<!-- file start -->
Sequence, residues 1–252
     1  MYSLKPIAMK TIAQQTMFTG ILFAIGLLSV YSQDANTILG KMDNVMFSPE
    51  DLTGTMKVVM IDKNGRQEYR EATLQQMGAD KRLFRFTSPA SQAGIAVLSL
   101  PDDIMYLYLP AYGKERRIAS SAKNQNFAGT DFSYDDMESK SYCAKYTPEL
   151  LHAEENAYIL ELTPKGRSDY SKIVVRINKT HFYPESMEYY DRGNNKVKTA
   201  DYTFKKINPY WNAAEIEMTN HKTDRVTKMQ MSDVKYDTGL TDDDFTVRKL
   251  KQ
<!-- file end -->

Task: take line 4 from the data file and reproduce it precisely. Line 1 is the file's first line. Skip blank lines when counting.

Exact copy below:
   101  PDDIMYLYLP AYGKERRIAS SAKNQNFAGT DFSYDDMESK SYCAKYTPEL